Since the inception of Stand Up Sit Down we've spoken to a number of people from within the game, including club chairman, safety officers and individual police officers and a suprising number of them back our objectives and yet very few of them will allow us to quote them on the record as they fear drawing the unwelcome attentions of the FLA and safety authorities. Last season an MD of a Championship club raised the issue of safe standing at a supporter forum and the overwhelming number of people attending voted in favour of a return to standing; the MD then public ally voiced support for our initiative and urged his supporters to do likewise. We heard shortly afterwards that this MD was told by his local safety advisory group that his opinions on the issue should not be publicly aired!

While SUSD met with the FLA earlier this year, they politely listened to our arguments and issues in favour of being allowed to stand, they were dismissed out of hand by Richard Caborn the Sports Minister on the advice of John De Quidt of the FLA.

It appears that the opinion of crowd psychology experts plays little part in the enforcing of the all seater rule and yet when Dr Clifford Stott of Liverpool University addressed the Police Match Commanders conference in the summer he told them that a significant factor in the psychology of crowd unrest and the potential for disorder is the crowds perception of how they are treated and he specifically cited the heavy handedness with which the standing issue is dealt with as an example. Stephen Reicher, Social Psychologist was recently quoted in the Financial Times as saying that football supporters respond far better to a relaxed approach from the police than a hostile and wary one.

David Conn wrote in his book, the Beautiful Game?, that he felt that standing would never return to English football at the higher levels as the Government equate standing with hooliganism rather than them believing that terracing is inherently unsafe. Having considered in some depth the various safety arguments put to us by the FLA we cannot help but have sympathy with his views; indeed a lot of SUSD's members agree whole heartedly with that theory.

The FLA simply disregarded our arguments in favour of being able to stand in front of our seats by saying "because a cascade effect (or similar) has never happened, that does not mean to say it won't and we have to use all our powers to stop it happening" and Richard Caborn stated that supporter safety is more important than giving us the choice as to whether we sit or stand and yet a differing stance is taken by the Department of Transport who say that it is entirely up to motor cyclists as to whether they were protective clothing and Transport for London who say it is for commuters to choose if they wish to stand on fast moving vehicles!

It would seem that the experiences of supporters who still stand in the lower divisions in this country and those who stand in Europe don't even enter their thought process! Surely if the risk of cascading or supporters simply losing their balance and falling was so great, then every supporter in the country would be legally required to spend 90 minutes with their bums glued to the seats. What next, compulsory seat belts for those in rows X, Y and Z?!

We heard from several SUSD members during the closed season whose clubs hosted rock and pop concerts with most moving to comment that many attendees were seemingly not subjected to any of the rules and regulations that football supporters are. Certainly many told us that they were not only able to dance in their seats but in the aisles as well with stewards turning a blind eye to behaviour that would have seen football supporters ejected from the same grounds.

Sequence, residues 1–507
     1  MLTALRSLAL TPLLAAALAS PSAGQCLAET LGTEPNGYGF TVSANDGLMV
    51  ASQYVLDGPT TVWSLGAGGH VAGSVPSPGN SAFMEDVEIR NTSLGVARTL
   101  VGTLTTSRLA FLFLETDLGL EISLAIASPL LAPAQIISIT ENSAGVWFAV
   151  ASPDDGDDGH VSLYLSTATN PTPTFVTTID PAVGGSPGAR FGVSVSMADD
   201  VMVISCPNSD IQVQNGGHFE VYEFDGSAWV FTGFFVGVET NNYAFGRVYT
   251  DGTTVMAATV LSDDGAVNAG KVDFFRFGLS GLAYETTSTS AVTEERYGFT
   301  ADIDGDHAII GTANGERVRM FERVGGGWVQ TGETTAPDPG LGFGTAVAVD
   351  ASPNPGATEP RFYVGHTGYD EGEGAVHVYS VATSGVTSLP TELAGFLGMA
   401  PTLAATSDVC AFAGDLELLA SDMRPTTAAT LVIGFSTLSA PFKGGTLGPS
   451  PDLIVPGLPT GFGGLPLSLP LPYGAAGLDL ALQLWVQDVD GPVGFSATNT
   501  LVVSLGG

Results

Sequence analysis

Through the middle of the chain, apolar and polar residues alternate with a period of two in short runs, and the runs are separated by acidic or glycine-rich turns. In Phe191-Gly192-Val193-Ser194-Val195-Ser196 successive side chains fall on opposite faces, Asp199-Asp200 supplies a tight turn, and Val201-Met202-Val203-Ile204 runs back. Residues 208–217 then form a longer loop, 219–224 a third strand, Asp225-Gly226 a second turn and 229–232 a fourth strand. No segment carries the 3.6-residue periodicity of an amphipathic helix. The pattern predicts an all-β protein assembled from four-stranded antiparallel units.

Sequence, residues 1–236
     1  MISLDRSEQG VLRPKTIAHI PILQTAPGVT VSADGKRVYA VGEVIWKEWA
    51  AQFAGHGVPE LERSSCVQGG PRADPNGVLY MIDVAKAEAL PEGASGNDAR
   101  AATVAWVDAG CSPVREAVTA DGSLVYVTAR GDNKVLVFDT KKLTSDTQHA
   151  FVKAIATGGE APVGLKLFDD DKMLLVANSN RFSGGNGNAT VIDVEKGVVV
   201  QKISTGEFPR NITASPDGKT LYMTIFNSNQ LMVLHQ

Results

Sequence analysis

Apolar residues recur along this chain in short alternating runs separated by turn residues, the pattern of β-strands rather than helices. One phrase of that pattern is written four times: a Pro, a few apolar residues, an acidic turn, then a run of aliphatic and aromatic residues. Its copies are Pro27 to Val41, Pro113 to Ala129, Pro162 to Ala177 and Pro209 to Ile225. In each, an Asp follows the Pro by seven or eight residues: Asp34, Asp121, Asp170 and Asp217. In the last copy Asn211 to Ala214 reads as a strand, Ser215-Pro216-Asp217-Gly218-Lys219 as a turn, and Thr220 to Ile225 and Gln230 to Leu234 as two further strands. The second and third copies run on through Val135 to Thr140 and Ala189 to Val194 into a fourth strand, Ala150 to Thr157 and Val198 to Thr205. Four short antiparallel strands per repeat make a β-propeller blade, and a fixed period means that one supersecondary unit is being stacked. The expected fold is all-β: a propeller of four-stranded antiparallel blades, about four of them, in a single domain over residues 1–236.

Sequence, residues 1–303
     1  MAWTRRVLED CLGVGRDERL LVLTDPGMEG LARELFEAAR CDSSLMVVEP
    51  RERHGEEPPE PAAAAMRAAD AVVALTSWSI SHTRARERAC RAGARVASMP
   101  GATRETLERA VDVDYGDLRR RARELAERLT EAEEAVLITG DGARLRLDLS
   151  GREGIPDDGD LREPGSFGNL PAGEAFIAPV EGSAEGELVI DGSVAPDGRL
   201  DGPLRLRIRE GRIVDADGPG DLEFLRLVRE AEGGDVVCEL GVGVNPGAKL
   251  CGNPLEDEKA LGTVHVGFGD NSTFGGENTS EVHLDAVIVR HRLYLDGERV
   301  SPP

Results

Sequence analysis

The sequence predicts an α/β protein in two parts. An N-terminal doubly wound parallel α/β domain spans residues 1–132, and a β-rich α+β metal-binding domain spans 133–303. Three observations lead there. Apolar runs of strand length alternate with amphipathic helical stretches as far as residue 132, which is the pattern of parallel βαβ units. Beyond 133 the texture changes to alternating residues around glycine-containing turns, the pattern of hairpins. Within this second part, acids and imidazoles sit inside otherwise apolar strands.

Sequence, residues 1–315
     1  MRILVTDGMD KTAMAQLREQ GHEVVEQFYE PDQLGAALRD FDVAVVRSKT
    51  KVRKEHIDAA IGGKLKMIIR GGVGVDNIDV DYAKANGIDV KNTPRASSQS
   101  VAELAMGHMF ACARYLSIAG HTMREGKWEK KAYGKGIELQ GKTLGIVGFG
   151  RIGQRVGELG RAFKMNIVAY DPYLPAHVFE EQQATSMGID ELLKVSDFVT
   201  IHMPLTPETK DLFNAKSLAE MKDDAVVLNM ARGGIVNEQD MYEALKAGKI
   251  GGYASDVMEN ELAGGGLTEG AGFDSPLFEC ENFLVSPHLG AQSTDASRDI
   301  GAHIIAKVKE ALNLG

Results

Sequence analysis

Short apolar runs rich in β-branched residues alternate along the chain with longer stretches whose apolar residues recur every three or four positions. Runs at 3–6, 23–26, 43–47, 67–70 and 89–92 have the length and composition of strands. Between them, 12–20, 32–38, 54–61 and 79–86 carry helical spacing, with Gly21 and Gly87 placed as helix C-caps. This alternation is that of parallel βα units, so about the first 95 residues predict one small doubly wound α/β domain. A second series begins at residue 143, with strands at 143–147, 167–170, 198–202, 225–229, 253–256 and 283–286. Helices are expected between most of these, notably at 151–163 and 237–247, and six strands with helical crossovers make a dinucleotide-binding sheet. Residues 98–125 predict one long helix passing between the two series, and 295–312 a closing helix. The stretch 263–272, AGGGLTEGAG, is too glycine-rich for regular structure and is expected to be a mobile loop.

Behaviour of Oasis fans at the City of Manchester Stadium were particularly brought to our attention and resulted in the FSF writing a report that was submitted to the various safety and footballing authorities a couple of weeks ago. In short even if a small minority of football fans behaved in the same way as the majority of Oasis concert goers - climbing from an upper tier to a lower one for example - then there would surely be calls for games to be played behind closed doors.

We've been previously told by the FLA that concert goers have a different 'profile' to football supporters hence their differing treatment, oh, and a similar reason is given to explain away why some Europeans can stand, they have a different culture to us. Unless you believe that profiles and cultures make you immune from cascade effects and losing your balance, then draw your own conclusions…..

Simply, there appears to be a concerted effort for the issue of standing not to reach debate in the public domain and yet can club chairmen continue to pretend this issue (and others) doesn't matter to supporters when they are staying away in their thousands?

If they do consider backing the return of standing by either implementing our proposals or taking away seats that were simply put on terraces, they may be interested in the findings of a survey carried out on our proposals by the Football Fans Census late last year. Just over 1500 fans from all clubs were surveyed aged between 16 and 55 and 88% of them said separate standing areas should be created with a further 24% saying they should be mandatory!

Surely to ignore such strong opinion will eventually be to the games detriment with supporters finding it more fun - not to say cheaper - to watch games in the pub where they are not watched over by neurotic officials who have yet to offer a convincing safety argument in favour of enforcing the all seater rule in such a draconian way?

Now you've read this you may be wondering what, if anything, you can do. Firstly, sign our petition and become a member, secondly write to your club, your MP and the FLA expressing your wish that supporters should be given the choice as to whether they sit or stand at their club. If you are interesting in arranging a peaceful "Yellow Card the FLA" protest, email us at and we can co-ordinate the protest for you and provide advice, we can also put you in touch with like minded supporters.

There are enough of us out there to make a difference - if we really want to; if you leave it to somebody else we'll continue getting the treatment our apathy deserves.